Mudgee dazzles in autumn

In the town and the countryside, autumn leaves are bursting forth everywhere.

Mudgee’s main street, Church Street, is lined on both sides by Manchurian Pear trees. They’re approaching their full display of vivid shades from crimson to buttery yellow. In private gardens, visionary gardeners have created autumn displays which are enjoyed by all.

 

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The car park in a block of flats in west Mudgee has this colourful Manchurian Pear tunnel  

Out in the countryside, escapees have found a foothold and dazzle with unexpected splashes of vivid colour.

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Gorgeous fiery colours in this random deciduous on the Hill End Road

The poplars, which have spread far and wide over the centuries, bring their lovely shades of yellow and gold to complement the greys and greens of our native vegetation.

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Poplars looking lovely among the grasses and gum trees in this pastoral scene on the Lue Road

The river banks are scenes of autumnal tranquillity…

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Cudgegong River reflects poplars near Lawson Park

Here, there and everywhere in our streetscapes, the full autumn palette is on display. From claret ash…

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to Pin Oak…

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to Liquidambar…

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Ornamental grape forms a glowing curtain…

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Leaf-fall from Manchurian pear makes a magical carpet underfoot…

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My favourite, this spectacular row of luminous London Plane trees on the Lue Road- a delight to all who see it.

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It’s a very long row of well cared for trees- I couldn’t capture it all! Someone has worked hard to nurture these trees. I hope that person knows how much they are appreciated.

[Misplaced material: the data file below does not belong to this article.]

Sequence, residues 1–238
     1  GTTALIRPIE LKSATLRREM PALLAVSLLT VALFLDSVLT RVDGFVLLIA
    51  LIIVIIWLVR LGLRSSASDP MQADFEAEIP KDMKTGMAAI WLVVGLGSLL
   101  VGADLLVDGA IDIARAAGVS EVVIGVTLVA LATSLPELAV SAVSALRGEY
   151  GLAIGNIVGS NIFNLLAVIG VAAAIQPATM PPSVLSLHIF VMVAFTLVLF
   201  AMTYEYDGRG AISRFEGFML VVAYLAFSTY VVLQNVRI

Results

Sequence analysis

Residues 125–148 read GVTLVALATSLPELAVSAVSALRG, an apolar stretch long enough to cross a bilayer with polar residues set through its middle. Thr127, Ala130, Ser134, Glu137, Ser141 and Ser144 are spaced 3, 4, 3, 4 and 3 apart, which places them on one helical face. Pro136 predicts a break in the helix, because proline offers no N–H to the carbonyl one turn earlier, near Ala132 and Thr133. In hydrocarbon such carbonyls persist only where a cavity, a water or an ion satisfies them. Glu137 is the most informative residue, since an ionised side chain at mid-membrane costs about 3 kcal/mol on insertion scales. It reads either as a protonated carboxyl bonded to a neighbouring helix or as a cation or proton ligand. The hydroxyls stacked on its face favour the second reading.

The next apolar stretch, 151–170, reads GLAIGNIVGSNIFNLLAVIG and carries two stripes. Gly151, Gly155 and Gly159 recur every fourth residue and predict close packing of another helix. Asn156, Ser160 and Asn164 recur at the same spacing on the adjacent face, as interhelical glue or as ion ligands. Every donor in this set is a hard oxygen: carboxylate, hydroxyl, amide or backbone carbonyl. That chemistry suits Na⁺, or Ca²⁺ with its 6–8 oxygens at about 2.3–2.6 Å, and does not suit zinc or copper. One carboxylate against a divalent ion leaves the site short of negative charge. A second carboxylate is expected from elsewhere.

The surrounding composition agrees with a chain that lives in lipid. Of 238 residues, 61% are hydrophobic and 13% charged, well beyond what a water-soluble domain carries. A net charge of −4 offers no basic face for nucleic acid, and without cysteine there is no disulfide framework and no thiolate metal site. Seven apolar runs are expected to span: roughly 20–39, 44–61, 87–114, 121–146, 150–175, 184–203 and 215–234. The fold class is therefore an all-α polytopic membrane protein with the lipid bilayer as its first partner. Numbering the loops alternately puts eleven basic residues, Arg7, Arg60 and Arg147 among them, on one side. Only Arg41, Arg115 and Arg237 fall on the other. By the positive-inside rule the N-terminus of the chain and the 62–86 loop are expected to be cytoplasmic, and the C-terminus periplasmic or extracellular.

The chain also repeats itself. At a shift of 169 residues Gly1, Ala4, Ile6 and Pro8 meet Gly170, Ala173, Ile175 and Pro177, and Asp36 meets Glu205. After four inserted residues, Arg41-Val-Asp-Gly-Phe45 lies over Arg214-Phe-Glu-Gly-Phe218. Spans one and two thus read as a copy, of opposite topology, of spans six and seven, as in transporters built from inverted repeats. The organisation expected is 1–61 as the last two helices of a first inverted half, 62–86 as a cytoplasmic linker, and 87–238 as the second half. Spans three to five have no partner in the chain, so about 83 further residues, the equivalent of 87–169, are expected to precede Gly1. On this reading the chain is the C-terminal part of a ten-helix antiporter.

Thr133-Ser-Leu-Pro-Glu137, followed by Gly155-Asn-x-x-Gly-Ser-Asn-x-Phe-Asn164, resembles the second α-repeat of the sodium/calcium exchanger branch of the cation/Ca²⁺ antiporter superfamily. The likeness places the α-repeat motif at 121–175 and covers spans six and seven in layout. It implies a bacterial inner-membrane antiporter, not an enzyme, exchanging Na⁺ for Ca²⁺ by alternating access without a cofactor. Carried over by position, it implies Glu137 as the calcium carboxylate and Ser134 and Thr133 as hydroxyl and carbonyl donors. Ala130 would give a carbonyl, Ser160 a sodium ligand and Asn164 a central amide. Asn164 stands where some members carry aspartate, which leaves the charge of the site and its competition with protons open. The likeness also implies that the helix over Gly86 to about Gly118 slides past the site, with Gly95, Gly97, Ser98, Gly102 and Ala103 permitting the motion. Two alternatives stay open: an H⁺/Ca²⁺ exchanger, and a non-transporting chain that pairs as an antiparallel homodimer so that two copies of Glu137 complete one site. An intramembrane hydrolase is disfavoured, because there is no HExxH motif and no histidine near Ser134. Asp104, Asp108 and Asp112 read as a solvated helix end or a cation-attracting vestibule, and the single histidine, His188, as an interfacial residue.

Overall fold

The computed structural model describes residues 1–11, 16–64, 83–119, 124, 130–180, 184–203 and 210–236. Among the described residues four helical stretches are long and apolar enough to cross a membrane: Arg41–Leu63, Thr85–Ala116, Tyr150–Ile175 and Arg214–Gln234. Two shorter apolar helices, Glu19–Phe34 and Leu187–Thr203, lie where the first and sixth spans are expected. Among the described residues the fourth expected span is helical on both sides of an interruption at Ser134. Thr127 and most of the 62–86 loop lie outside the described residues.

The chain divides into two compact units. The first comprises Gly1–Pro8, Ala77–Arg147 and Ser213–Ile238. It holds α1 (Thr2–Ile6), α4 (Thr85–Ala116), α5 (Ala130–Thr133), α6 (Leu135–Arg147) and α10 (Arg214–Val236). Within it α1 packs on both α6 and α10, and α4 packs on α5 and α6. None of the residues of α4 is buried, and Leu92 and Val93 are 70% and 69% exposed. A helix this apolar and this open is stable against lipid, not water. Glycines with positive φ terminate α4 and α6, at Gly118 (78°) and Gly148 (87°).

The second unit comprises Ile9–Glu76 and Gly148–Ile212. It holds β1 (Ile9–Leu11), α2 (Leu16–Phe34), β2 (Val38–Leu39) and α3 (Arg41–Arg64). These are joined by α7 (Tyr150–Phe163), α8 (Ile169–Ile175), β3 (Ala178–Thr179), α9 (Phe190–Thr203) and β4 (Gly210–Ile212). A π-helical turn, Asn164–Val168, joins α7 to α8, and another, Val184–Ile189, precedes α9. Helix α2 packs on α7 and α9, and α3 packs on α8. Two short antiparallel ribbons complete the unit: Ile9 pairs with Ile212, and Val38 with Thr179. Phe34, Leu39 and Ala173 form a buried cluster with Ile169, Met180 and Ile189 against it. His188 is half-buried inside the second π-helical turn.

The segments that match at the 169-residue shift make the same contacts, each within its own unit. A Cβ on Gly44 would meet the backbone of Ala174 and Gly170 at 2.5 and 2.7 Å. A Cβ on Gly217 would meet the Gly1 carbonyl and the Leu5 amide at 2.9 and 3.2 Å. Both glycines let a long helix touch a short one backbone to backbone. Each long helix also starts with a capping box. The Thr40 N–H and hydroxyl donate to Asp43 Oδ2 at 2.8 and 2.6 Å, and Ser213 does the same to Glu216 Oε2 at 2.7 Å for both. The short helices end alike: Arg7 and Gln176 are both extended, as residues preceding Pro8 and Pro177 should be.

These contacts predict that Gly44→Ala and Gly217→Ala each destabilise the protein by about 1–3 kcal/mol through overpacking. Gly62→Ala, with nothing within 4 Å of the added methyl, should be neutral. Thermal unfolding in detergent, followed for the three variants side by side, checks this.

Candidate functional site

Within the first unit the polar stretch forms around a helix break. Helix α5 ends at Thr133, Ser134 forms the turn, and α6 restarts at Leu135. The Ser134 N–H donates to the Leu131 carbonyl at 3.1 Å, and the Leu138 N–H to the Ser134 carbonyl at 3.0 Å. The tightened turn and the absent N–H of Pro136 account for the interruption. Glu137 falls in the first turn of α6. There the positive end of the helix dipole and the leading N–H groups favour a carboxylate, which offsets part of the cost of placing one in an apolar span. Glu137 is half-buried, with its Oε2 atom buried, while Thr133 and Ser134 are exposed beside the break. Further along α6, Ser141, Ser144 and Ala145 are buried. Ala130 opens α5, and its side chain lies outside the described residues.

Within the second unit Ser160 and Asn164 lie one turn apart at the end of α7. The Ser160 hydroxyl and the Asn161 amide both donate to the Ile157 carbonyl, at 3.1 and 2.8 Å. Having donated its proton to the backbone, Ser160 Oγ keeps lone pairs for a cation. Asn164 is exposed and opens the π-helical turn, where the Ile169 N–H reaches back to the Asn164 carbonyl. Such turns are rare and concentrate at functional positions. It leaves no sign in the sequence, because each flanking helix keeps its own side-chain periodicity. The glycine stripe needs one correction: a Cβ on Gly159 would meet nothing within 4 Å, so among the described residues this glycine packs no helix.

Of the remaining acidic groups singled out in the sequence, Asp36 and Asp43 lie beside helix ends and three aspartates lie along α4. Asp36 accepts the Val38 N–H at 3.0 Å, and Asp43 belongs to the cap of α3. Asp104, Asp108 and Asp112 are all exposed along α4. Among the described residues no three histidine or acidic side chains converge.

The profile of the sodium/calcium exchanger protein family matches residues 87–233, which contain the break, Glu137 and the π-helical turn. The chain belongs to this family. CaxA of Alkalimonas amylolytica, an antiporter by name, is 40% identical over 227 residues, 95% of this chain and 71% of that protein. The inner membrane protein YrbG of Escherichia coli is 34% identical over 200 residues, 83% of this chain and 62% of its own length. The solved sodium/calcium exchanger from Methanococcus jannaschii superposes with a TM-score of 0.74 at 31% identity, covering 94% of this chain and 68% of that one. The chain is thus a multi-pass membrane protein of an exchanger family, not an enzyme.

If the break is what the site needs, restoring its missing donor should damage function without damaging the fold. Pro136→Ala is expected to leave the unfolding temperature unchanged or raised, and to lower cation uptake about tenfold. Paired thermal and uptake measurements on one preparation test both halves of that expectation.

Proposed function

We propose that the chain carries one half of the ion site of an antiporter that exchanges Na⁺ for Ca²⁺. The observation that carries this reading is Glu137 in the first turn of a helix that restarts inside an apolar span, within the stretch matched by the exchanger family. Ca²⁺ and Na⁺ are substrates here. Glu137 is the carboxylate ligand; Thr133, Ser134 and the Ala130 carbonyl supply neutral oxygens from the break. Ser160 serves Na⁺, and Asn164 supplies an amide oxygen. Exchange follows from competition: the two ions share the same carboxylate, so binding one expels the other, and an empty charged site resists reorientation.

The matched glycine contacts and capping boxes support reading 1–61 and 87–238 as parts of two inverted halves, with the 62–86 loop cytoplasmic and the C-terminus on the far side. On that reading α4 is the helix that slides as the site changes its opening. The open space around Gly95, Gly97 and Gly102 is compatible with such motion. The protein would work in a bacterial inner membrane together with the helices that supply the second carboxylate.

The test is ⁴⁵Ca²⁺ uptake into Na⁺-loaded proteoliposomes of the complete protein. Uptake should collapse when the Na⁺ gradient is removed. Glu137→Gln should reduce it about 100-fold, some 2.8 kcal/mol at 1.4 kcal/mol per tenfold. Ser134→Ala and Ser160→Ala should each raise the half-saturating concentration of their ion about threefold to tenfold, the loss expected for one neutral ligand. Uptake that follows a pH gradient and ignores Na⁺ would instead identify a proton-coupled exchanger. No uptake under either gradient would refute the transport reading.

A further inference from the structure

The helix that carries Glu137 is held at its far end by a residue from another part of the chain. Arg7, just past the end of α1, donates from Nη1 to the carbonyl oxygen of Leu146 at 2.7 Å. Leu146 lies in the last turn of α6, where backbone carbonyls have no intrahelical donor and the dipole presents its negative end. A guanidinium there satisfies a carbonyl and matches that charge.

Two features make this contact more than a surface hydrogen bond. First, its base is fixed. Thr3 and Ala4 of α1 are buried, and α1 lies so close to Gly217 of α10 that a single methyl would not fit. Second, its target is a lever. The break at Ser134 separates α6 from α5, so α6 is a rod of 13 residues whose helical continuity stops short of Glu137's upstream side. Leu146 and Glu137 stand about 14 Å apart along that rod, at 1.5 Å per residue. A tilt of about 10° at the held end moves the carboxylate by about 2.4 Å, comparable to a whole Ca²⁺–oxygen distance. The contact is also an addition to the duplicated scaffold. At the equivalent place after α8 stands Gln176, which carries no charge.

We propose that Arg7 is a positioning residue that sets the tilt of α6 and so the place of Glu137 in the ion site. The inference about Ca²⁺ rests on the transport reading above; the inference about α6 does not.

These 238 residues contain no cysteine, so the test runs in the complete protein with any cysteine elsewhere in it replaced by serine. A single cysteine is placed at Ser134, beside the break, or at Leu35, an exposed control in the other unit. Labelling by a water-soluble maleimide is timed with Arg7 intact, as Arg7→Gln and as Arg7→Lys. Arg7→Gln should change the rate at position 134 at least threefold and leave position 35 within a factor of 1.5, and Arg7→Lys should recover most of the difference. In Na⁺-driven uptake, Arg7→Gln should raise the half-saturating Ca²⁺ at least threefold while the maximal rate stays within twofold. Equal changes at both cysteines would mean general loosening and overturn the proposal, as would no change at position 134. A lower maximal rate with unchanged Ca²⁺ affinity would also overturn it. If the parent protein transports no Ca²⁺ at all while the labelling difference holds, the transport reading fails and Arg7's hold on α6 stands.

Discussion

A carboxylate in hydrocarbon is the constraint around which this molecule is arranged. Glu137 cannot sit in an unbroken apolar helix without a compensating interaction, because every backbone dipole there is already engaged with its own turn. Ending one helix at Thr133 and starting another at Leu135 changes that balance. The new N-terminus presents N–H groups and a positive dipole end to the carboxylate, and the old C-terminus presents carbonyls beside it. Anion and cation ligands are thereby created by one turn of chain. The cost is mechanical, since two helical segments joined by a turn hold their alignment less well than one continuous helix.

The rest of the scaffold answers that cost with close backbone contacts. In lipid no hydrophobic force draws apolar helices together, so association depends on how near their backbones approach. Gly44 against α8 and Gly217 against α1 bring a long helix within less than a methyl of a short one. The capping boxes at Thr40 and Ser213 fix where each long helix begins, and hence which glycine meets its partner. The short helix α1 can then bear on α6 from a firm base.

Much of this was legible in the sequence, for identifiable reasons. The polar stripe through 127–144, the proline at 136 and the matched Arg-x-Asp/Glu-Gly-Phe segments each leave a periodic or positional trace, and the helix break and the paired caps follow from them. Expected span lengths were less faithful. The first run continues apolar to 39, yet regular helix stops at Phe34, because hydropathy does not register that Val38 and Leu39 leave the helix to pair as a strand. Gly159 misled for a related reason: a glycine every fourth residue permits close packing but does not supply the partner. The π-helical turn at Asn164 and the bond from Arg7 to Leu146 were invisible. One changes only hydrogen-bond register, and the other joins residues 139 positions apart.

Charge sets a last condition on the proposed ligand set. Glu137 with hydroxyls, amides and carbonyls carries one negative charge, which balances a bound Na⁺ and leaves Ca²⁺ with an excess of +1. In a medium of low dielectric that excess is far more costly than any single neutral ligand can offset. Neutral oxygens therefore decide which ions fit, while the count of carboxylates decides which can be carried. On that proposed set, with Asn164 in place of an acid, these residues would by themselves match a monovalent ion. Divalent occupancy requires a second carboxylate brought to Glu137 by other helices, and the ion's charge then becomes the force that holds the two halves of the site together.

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There’s more to come before the season ends. I’m looking forward to the Lombardy poplars which are just beginning to turn…in a few more weeks they will be phenomenal.

If you know the story behind the row of London Planes, I’d be very interested to hear it.

What’s looking autumnal in your part of the world?

Get in touch with me via the Contact field on the top right hand side of the page.

Happy gardening and keep cosy!

Update 16 May 2018: I have added below some photos of the foliage and bark of that unidentified deciduous tree in the featured image of this post. Tony Tomeo, I’m counting on you!

 

8 Comments Add yours

  1. Its wonderful to get a peek at the fine autumn foliage that you’re enjoying. The colours are lovely! We got a blast of gale wind the other night and most of the leaves our deciduous garden trees had just shed all at once, now sitting in a colourful heap under each tree!

    1. My Dream Garden says:

      Bad luck about the wind, but the fallen leaves are lovely in their own way too. Our Manchurian Pears flower beautifully in August, but often the wind whips them off too soon!

  2. janesmudgeegarden says:

    Beautiful photos of Autumn in Mudgee, Jane. I have often wondered about that row of London plane trees too! They’re looking magnificent just now.

  3. tonytomeo says:

    How amusing that North American trees have worked their way into your landscape like eucalypti have naturalized here. Is the tree of the second picture some sort of maple, or just an oak?

    1. My Dream Garden says:

      Hi Tony, I don’t know what type of tree it is- the leaves definitely aren’t maple-like. Several people have asked, but my knowledge of deciduous trees is very limited. I’ll try to get some close-up photos of the leaves.

      1. tonytomeo says:

        Yes, if you send pictures of the leaves, I should be able to identify at least the genus, and perhaps the specie if it is a North American tree.

      2. My Dream Garden says:

        Hi Tony, I drove out today and got some photos of the bark and foliage of that tree, and have added these at the end of the post- looking forward to your thoughts!

      3. tonytomeo says:

        Pistacia chinensis – Chinese pistache! That color is exquisite! It is typical of the specie, but the form is a bit different from what is typical. They are typically broader than tall, and not so well rounded. They were the best rated street tree in Morgan Hill, although they do need some pruning for clearance above the roadways and sidewalks. Some of the older (seed grown) trees can be messy. Modern trees are all male. I can remember some of these at the old City Hall building in San Jose. They are popular here because they do not need much chill to color well.

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